Infection is the second leading cause of hospitalization and mortality in hemodialysis patients. Compared to patients on peritoneal dialysis, patients undergoing hemodialysis are twice likely to be hospitalized due to infection. In addition, about one in four deaths among hemodialysis patients are associated to infections. Notably, infections are associated with excessive financial burden for patients and healthcare facilities.
Although hemodialysis patients are continually exposed to a variety of infections, catheter-related bloodstream (CRB) infections are particularly more severe and can even possibly result in fatal outcomes. Around 37,000 patients with central catheters develop bloodstream infection each year, with an estimated cost of $23,000 per hospitalization.
Incidence of CRB Infections
Two of the most common causes of catheter-related infection are Staphylococcus aureus and Staphylococcal epidermidis. These microorganisms can lead to considerable morbidity, even possible death. The catheter insertion site serves as the portal of entry for these bacteria. Bacteria migrate to the insertion site from the skin and follow through the outer surface of the catheter. Repeated use of catheter lumen during hemodialysis sessions increases the risk of contamination.
CRB infections are rarely caused by infusion of contaminated solutions. Studies show that the duration of catheterization increases the risk of infection. Moreover, the infection rate is higher with non-tunneled catheters compared to tunneled catheters. Incidence of infection among patients with non-tunneled catheters is between 3.8 to 12.8 events per 1,000 catheter days and 2.9 per 1,000 catheter days for tunneled catheters. The possibility of adverse outcome steadily increases over time. The risk of infection for nontunneled catheters in the IJ location is five times higher than the tunneled catheters, and seven times for femoral catheters in the femoral site.
Preventing CRB Infections
While the incidence of infections is high, it is considered a preventable complication. Dialysis nurses and dialysis technicians are at the forefront in the prevention of CRB infections.
Dialysis nurses must alert the nephrologist of any evidence of exit-site infection, even if there are no systemic symptoms present. Usually, exit site infection preludes bacteremia thus prompt catheter removal is often recommended. Bacteria are thought to migrate much faster along the outer surface and tunnel of the catheter due to the absence of a cuff.
Dialysis nurses and dialysis technicians must strictly follow infection prevention protocols. Below are preventive measures:
• Use of 2% aqueous chlorhexidine for skin disinfection before insetion
• Proper insertion technique
• Practice aseptic technique during access handling
• Thorough skin disinfection using povidone-iodine solution at every HD session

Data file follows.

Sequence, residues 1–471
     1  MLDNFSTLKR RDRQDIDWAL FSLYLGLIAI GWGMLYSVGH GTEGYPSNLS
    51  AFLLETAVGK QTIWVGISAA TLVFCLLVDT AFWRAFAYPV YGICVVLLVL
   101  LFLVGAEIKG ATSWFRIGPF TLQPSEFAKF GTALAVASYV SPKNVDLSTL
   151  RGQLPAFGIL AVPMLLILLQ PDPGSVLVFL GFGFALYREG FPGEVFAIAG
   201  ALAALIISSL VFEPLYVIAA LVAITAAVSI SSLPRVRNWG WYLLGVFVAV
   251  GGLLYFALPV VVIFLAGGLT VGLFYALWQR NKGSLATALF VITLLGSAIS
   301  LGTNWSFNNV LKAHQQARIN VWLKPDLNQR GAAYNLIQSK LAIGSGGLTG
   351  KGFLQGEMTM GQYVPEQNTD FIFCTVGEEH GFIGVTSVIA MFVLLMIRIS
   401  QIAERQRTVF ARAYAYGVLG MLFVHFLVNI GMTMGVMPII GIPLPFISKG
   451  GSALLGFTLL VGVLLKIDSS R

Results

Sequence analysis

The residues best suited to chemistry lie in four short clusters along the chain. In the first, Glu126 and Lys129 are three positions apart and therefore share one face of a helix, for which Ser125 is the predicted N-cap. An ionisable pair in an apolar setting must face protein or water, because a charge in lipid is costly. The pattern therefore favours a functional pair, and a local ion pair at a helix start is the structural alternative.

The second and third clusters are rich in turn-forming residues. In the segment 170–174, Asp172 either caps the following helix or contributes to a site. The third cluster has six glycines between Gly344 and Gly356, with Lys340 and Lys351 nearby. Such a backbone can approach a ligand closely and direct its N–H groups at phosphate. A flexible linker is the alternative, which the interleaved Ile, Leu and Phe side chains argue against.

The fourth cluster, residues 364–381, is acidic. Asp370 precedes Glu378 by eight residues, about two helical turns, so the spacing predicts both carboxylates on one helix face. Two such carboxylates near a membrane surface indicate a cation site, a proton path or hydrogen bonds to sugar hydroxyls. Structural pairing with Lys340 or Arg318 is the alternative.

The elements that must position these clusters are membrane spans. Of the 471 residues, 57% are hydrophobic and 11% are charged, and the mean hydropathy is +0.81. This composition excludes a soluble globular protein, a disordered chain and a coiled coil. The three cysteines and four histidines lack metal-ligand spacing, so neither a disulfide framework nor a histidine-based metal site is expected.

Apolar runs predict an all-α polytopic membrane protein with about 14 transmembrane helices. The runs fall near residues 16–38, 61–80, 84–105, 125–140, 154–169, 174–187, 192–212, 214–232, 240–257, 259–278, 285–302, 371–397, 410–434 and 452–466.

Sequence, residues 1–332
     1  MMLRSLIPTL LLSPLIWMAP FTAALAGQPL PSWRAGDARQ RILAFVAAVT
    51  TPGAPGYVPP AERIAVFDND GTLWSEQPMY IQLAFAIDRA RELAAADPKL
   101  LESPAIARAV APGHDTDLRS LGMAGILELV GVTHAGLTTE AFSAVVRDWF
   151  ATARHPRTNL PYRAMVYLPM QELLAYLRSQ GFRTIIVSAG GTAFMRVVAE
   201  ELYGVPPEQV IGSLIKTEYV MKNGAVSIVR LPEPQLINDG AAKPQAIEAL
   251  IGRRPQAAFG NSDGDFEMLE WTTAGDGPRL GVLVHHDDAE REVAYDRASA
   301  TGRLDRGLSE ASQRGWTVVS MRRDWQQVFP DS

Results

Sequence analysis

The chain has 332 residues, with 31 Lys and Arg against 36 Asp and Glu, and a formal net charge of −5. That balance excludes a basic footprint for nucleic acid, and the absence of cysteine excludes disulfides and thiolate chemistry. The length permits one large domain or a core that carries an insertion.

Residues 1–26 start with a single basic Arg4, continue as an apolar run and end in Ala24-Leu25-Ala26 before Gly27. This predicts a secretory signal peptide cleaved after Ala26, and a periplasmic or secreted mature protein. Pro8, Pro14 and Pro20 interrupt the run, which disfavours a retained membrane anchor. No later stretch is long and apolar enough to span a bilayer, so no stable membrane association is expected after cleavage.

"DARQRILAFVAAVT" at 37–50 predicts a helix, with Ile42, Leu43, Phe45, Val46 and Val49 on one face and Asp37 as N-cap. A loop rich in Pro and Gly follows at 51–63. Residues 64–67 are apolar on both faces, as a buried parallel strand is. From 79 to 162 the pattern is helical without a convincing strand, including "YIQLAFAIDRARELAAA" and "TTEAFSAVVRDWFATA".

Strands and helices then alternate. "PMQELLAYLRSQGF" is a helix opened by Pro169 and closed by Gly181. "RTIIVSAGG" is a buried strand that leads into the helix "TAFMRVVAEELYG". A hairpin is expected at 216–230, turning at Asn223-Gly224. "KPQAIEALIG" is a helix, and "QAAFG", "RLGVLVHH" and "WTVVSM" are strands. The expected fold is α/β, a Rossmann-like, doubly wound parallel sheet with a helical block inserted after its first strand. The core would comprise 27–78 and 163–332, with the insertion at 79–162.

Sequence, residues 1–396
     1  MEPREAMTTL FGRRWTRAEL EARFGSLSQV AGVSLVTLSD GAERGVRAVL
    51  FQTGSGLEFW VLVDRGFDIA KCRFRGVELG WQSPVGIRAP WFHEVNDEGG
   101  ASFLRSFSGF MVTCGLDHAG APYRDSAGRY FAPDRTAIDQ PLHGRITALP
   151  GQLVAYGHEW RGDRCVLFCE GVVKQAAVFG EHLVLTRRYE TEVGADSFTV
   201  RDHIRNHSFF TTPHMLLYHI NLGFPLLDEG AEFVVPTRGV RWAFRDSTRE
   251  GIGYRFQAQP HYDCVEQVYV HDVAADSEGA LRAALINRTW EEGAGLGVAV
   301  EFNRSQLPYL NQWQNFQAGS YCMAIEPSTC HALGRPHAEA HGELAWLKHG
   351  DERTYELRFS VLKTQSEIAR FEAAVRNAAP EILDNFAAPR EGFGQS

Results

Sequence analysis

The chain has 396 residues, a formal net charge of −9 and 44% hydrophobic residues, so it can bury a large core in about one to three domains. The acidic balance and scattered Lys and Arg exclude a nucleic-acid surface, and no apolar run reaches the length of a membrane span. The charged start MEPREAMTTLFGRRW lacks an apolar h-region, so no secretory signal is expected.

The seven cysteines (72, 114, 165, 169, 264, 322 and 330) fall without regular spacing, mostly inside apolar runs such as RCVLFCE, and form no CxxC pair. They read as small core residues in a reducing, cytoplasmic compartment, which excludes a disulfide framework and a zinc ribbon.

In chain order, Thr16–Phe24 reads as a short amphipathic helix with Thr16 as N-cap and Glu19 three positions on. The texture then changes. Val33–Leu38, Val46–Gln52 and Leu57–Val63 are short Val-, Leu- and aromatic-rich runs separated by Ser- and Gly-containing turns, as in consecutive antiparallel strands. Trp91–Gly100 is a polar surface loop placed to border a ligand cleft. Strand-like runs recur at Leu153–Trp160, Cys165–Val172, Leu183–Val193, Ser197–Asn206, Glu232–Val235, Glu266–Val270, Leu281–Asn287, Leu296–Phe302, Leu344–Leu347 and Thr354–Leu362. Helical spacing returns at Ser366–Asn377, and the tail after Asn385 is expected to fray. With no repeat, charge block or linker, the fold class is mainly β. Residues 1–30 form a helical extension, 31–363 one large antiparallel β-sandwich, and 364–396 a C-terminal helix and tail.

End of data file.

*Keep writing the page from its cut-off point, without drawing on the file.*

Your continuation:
• Application of mupirocin ointment or povidone-iodine ointment at insertion site every change of dressing
• Use of dry gauze dressing
• Use of surgical mask and face shield by healthcare providers and patients during cannulation and de-cannulation procedures
• Shortened/limited duration of catheters
Many healthcare facilities now use 2% aqueous chlorhexidine for skin disinfection prior to insertion. Chlorhexidine is more preferred over isopropyl alcohol and povidone-iodine. During catheter insertion or guidewire exchange, maximal sterile barrier precautions must be carefully followed.
Dialysis nurses and all other healthcare providers must be aware that hemodialysis access, especially central lines, should not be used to draw blood samples or used for infusions. After each HD session, disinfect the surrounding skin using povidone-iodine or chlorhexidine solution. Apply antimicrobial ointment (such as polysporin or mupirocin) to the catheter exit site, then, apply dry gauze (not occlusive dressing) over the exit site. Make sure the exit site is secured with plaster.
In 2009, the Centers for Disease Control and Prevention (CDC) has established 9 core interventions in the prevention of bloodstream infections among the dialysis community. Among others, hand hygiene has been pointed out as among the most important procedures that can help reduce infections associated to hemodialysis. The CDC noted a poor adherence with aseptic techniques in both acute and chronic hemodialysis facilities. Other core interventions recommended by CDC include: surveillance and feedback, catheter/vascular access care observations, continuous staff training and education, patient education, catheter reduction, catheter hub disinfection, use of chlorhexidine for skin disinfection, and use of antimicrobial ointment. Participants in the study have shown a decrease in the incidence of bloodstream infection.
Finally, realizing the burden and fatality of bloodstream infections, healthcare providers including doctors, dialysis nurses, and dialysis technicians must understand their pivotal role in preventing infection. Each facility has its own infection prevention and tracking protocols, which every healthcare provider is expected to know and practice.
Do you know your facilities infection prevention protocols? Do you practice them? As healthcare practitioners, let us show our care to our patients by diligently practicing recommended infection control interventions.